THE RICKETY BRIDGE

Heart aroused

I walk across

the rickety bridge

above the roaring gorge,

fear falling, collapse

exhaustion and

attribute

perhaps

my aroused heart

to the woman standing

on solid ground where

the bridge ends,

beyond which I

neither see nor know

anything. She invites

and resists my approach.
I stand on shaky ground

and watch him walk

across the rickety bridge

toward me in a fog

of difficulty behind, within

and looming below. He

misattributes his aroused

heart to me, mistakes me

and my ground as solid,

unaware what’s behind and

within me. He gets steadily

closer, my own heart

aroused, anxious

from a patterned path

perhaps

I yearn for the hand

he offers

alluring danger,

frightening safety,

open heart.

 

Amid one Story and billions of stories

one man crosses a rickety bridge

toward a woman who waits

on the other side.

He attributes his aroused heart

to her. She’s not so sure.

How each responds as he

approaches determines

and is determined by
what they do next. They

love and fear, have

complete and no control.

They choose and are chosen.

Each moment is theirs,

holds and is

everything.

 

So just to interrupt your enjoying that as I finish it, you know, just really briefly, the first stanza was from a masculine first person perspective. The second was from the feminine first person perspective.  And the third was from a kind of omniscient third person perspective observing the two earlier perspectives. And, you know, if we have more time, we can really get into what goes on in the poem and how those perspectives can be worked with. But that’s just an example of, on a really small scale, I think, of what’s possible.

 

LYEDIE GEER:  Yeah. Nice.

REGGIE MARRA:  Thanks.

LYEDIE GEER:  I really see how you would really delve into that perspective-taking piece because there’s also the whole use of nature too. That is another perspective there.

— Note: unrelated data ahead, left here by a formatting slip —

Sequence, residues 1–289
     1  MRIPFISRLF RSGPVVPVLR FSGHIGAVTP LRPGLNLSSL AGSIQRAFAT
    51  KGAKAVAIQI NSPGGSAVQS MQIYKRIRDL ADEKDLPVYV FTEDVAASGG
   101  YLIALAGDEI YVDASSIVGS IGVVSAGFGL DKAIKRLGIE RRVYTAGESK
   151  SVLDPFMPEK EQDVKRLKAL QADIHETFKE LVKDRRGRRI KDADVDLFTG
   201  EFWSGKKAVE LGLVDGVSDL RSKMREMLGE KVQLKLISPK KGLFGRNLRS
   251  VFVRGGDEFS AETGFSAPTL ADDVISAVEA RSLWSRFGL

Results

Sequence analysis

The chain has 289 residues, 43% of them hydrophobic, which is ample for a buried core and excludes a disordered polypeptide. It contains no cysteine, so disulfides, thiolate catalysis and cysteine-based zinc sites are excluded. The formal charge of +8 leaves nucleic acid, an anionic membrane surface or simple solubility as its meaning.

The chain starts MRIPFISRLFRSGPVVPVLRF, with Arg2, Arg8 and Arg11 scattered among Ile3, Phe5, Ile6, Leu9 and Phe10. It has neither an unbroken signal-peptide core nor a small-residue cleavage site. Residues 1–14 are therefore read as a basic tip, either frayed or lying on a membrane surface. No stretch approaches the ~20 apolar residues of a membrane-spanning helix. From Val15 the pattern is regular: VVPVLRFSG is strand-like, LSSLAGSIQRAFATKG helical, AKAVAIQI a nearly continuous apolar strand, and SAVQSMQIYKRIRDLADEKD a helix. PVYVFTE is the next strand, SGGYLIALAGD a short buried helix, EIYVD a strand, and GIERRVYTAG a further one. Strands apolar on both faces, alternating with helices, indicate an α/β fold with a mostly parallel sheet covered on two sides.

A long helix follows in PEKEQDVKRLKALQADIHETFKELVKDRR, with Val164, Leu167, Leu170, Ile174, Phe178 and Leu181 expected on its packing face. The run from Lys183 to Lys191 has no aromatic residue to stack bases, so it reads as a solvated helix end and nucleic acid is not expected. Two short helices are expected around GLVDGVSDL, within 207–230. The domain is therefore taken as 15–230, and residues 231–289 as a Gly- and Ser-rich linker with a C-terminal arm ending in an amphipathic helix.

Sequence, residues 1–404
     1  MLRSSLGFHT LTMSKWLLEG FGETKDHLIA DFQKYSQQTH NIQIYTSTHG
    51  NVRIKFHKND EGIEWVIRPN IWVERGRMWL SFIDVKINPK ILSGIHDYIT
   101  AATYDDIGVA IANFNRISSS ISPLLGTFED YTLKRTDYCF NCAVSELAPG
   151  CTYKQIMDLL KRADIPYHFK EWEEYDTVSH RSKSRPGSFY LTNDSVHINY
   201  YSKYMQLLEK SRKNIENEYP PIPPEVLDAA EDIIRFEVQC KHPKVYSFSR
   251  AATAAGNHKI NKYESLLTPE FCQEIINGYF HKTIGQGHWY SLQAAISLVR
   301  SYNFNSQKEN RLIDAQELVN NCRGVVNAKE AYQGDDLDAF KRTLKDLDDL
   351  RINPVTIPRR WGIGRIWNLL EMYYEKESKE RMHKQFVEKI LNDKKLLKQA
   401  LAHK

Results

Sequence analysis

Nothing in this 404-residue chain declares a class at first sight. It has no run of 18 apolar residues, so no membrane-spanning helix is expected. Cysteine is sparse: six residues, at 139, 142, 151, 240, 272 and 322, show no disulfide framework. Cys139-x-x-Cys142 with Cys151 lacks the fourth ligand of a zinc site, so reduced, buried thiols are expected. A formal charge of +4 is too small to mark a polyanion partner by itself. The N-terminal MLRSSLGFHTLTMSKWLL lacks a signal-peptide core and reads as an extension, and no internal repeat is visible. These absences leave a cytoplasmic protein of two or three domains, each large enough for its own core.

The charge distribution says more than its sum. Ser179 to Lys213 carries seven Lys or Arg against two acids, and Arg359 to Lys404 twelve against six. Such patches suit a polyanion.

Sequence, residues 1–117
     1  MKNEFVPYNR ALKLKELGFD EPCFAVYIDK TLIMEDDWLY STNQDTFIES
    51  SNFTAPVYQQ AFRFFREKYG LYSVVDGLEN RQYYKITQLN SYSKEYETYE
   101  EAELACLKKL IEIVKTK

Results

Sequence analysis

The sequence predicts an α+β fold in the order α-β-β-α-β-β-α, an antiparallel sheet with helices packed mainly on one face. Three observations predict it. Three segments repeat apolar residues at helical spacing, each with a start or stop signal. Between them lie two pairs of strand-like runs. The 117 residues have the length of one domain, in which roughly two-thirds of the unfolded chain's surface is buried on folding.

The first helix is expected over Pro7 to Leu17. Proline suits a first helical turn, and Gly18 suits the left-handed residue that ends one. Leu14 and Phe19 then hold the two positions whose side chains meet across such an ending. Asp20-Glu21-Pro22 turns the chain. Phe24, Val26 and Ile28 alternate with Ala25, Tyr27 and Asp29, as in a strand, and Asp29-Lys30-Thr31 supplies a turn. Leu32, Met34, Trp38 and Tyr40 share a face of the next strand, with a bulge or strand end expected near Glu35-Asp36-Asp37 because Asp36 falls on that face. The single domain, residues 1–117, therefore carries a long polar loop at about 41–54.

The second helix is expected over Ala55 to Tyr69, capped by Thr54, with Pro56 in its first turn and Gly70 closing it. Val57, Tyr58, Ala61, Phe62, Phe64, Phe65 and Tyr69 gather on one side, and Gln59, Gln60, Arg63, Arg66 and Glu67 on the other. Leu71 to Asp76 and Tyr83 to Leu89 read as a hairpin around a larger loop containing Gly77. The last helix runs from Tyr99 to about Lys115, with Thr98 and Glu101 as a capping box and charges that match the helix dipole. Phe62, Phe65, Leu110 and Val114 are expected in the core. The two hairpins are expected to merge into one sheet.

REGGIE MARRA:  Yes. That’s actually – I’m glad you said because that’s – what you just said is something that – that poem is mine. I wrote that. The nature, the natural part of that poem, I didn’t put in there deliberately. So the poem did that, you know. I had an intention to work with points of view or perspectives, and what you caught from your perspective was the nature part. And again, that’s great for me to hear.

LYEDIE GEER:  Nice. So, Reg, I’m really looking forward to this course getting started, and I know you’ve got a few spaces left. So where do people need to go in order to sign up for this? And if they want to learn more, what’s their best path?

REGGIE MARRA:  Yeah. The best place to go is Teleosis.org. And that’s T-E-L-E-O-S-I-S dot org, and there’s a Poetry as Healing page there. You can find it very easily on the menu. We also have a Facebook page for Teleosis, and there will be some announcements there as well. But the best place to get the details are on the Teleosis.org website. Go directly to the Poetry As Healing page. You can see the entire six – oh, excuse me, eight-week outline. And if you have questions, you can actually e-mail us at Teleosis via the website.

LYEDIE GEER:  Great. Thank you so much. I loved hearing that poem.

REGGIE MARRA:  Right. And good to be here with you, Lyedie. Take care.

LYEDIE GEER:  Yeah. Take care.

REGGIE MARRA:  Bye-bye.